I don’t recall a time during the startup of a new program where an engineer unfamiliar with heavy load axle testing didn’t want to completely stop a bearing from turning on a shaft. The logic is reasonable; if a hard pressed metal on metal surface is slipping, there is going to be material movement. If there is true turning on the bearing on a shaft, that can certainly be true and must be corrected by tightening up the fit, but most of the time, the indications of movement is just a creeping movement driven by the mechanics of the load. If we have a good press fit, something above 100 MPa of hoop stress, it doesn’t take long to realize that the bearing cannot transmit enough torque through the rollers to turn the cone. As one side of the bearing cone is loaded, the material slightly expands elastically while the opposite side is loosening up. As the cone progresses through the load zone, this acts somewhat like having a wave in a carpet. You can move a large carpet across a floor by pushing small waves along the direction you want to move, rather than move the whole carpet at the same time. If there is no material movement on your shaft following a hard test, but you see indications of turning; you are not “spinning” on the shaft. This is just the bearing lightly creeping around the shaft and is often harmless. Sometimes trying to tighten the fit hard enough to stop it will do more harm than good.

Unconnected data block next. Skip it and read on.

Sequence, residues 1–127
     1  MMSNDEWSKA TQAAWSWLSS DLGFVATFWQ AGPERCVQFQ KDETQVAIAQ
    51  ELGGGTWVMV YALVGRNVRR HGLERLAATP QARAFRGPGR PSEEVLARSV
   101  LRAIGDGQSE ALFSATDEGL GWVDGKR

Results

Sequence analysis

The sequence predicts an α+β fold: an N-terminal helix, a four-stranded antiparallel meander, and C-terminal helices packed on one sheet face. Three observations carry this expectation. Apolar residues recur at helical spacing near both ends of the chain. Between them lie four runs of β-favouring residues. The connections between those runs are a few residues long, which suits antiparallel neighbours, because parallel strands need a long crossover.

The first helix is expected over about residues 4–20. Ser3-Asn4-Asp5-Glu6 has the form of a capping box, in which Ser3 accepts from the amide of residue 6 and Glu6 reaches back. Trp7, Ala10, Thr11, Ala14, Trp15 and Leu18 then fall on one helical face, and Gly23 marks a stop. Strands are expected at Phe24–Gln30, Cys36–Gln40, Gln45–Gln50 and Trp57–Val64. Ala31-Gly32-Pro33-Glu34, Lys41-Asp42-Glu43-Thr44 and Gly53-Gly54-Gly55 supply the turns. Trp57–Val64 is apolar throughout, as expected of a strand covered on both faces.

Now, let’s not confuse this with true spinning or turning. Figure 1 shows a condition that needs to be corrected because the shaft is galling and this will result in a wear surface. This problem will eventually start to generate heat as the fit continues grinding material away and will likely shorten the life of your system.
Figure 2 shows a simple chart showing the effective fit required to prevent creep. It would be great if we could simply follow the line up to point we need and call it good. Unfortunately, we have tolerances to deal with that drive the limits. Often, the best we can do is hold perhaps a 0.05mm range in fit. This range covers half of the chart. In this case, we target a low end fit range and then determine if the upper end resides within allowable hoop stress. Most bearing companies will recommend a max. hoop stress of 120 MPa for through hardened bearings and 180 MPa for case carburized.
The max. hoop stress calculation can be found in most bearing handbooks. Figure 3 is one version from NSK’s Technical Report. Many companies will come up with a generic rule of thumb for bearing fits to save the time of going through this exercise every time. I prefer to spend some time up front to set up a good spreadsheet calculator and the dial in each application for its unique characteristics.
If you don’t have NSK’s Technical Report, download it here for free: http://www.jp.nsk.com/app01/en/ctrg/index.cgi?rm=pdfView&pno=e728g